It was interesting to note the high numbers of doctors who agree that Chlamydia testing is indicated in the first trimester of pregnancy. While in the past this was not always considered, it is now recommended by the MOH, that women are tested for Chlamydia in the first trimester of pregnancy (and then again in the last trimester for those with ongoing risk factors).

The panel were familiar with the long term consequences for patients following symptomatic PID caused by Chlamydia, but they are interested in the long term consequences of asymptomatic Chlamydia.

Specialist comment:

It is difficult to give a definitive answer because the number of cases varies with the population group studied. In one study of 109 women with asymptomatic infection, 16.5% became symptomatic during 2 month follow up while 1.8% developed PID. This number has been found to be much higher if N.gonorrhoeae infection is also detected and treatment given for gonorrhoea alone, in this case 30% developed PID.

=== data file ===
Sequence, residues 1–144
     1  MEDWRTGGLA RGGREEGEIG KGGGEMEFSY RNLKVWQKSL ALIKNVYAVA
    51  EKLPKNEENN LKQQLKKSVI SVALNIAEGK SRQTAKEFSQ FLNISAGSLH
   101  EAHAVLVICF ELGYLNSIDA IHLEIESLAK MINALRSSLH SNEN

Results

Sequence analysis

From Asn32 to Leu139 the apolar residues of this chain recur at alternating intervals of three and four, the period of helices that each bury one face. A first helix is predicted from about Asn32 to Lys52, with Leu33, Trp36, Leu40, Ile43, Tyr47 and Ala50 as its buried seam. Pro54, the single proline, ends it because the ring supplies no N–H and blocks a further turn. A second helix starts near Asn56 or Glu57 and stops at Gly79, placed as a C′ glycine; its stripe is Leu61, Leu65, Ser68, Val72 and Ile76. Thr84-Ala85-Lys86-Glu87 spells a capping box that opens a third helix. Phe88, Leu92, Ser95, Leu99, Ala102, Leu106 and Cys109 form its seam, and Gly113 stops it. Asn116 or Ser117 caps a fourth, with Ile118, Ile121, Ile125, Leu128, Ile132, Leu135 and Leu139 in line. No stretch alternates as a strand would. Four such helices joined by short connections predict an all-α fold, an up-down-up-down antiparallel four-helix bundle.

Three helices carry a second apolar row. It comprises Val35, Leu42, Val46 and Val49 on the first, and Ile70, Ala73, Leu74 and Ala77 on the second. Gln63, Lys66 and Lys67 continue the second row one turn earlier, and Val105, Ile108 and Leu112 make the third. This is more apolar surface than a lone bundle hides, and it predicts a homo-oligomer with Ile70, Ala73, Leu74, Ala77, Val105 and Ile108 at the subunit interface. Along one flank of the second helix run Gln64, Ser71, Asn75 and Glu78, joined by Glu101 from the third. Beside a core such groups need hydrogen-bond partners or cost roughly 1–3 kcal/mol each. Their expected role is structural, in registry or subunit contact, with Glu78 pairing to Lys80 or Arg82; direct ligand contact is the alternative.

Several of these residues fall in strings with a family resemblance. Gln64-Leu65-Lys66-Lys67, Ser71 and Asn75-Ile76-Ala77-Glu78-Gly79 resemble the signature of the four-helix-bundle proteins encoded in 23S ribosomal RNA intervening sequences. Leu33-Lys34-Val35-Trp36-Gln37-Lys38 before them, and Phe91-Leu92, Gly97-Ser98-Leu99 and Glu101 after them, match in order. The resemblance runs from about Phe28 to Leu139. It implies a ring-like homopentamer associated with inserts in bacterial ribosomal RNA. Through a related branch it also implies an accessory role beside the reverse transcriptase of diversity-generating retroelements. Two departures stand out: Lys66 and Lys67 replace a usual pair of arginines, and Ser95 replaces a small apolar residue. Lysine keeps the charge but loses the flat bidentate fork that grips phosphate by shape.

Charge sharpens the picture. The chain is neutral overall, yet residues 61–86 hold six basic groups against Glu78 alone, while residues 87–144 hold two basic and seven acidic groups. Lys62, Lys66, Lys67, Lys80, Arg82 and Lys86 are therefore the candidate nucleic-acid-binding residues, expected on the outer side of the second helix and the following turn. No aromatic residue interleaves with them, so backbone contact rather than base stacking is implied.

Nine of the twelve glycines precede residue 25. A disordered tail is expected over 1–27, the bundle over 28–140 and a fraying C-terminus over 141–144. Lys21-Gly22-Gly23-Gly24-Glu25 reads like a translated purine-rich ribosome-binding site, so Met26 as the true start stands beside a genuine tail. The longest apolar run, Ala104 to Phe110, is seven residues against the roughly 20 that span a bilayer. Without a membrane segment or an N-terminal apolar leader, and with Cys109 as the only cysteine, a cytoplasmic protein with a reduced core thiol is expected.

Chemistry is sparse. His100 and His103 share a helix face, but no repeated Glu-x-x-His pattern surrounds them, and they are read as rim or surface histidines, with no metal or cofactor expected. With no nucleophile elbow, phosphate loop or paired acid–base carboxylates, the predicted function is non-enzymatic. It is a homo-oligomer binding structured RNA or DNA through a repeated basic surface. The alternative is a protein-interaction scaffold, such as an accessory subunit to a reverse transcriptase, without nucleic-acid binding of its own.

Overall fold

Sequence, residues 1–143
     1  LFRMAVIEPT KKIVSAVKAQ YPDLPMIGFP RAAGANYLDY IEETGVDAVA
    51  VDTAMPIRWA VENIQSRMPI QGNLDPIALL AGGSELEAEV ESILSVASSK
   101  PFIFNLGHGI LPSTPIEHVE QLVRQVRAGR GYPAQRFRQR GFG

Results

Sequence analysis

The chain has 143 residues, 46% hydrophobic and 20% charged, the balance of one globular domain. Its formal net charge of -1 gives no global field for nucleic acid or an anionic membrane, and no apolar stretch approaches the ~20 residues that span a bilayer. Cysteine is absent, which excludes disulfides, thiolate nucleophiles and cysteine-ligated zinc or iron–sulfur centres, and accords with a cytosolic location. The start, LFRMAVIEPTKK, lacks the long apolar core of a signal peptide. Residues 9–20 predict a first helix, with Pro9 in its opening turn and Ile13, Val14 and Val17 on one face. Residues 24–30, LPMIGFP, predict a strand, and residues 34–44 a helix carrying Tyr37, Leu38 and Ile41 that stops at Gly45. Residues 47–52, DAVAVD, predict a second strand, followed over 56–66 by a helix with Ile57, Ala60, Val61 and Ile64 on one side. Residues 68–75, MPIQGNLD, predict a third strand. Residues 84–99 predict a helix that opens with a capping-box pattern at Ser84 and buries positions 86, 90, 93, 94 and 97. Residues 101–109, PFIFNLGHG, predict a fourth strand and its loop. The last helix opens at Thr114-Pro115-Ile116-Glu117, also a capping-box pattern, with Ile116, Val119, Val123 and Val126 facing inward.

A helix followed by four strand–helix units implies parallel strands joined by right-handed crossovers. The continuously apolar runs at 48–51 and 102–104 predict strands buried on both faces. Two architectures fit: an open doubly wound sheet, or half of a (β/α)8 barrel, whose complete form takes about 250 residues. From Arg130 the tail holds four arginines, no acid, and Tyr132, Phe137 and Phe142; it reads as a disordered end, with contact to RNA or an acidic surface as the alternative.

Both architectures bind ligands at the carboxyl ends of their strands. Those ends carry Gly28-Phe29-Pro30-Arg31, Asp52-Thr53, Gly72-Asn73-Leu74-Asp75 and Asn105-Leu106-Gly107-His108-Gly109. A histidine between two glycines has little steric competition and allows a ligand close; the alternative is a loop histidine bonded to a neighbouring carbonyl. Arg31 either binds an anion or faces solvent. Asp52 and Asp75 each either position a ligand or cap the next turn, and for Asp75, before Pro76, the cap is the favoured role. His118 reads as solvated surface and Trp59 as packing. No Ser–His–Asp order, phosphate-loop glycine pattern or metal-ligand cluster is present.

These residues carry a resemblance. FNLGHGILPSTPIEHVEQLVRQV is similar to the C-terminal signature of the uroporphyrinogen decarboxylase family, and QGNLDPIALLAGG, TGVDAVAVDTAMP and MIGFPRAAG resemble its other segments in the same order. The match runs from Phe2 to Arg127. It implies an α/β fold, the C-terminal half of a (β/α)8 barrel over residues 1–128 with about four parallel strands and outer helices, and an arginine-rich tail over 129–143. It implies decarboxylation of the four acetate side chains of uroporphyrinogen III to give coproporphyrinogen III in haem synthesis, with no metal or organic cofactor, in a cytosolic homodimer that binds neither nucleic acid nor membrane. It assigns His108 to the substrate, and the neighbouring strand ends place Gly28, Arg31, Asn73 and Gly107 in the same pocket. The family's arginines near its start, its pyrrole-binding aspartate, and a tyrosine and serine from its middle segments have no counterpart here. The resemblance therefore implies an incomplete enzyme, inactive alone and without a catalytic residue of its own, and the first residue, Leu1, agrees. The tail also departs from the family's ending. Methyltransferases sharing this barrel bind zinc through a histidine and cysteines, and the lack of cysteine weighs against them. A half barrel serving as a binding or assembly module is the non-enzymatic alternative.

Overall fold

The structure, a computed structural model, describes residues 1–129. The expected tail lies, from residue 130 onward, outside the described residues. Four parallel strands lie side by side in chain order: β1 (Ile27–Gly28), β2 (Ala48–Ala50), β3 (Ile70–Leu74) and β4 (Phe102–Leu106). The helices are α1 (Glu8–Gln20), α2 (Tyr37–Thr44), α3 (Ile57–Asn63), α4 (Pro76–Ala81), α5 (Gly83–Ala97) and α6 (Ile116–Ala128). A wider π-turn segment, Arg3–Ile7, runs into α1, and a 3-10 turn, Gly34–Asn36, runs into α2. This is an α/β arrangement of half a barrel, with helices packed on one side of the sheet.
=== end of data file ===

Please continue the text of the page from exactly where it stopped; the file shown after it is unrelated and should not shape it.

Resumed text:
1. Ministry of Health. Chlamydia Management Guidelines, 2008. Available from:$File/chlamydia-management-guidelines.pdf (accessed April 2009)
  2. Saxton P, Hughes A, Dickson N, Sharples, K. Boyfriends, fuckbuddies and casual sex: The structure of sexual partnering among gay and bisexual men in NZ. New Zealand Sexual Health Society Conference, Dunedin, Aug 28-30 2008. Powerpoint presentation available from (accessed April 2009)
  3. Jin F, et al. Incidence and risk factors for urethral and anal gonorrhoea and chlamydia in a cohort of HIV-negative homosexual men: the Health in Men Study. Sex Transm Infect 2007;83:113-119.


GP Review Panel:

  • Dr Janine Bailey, Motueka
  • Dr Suzie Lawless, Dunedin
  • Dr Neil Whittaker, Nelson

Specialist Advisor:

  • Dr Rosemary Ikram, Medlab South, Christchurch

Panel discussion facilitated and summarised by:

  • Rachael Clarke
  • Dr Annemarie Tangney


bpacnz would like to thank the GP review panel and Dr Rosemary Ikram for their expertise and guidance on the development of this resource.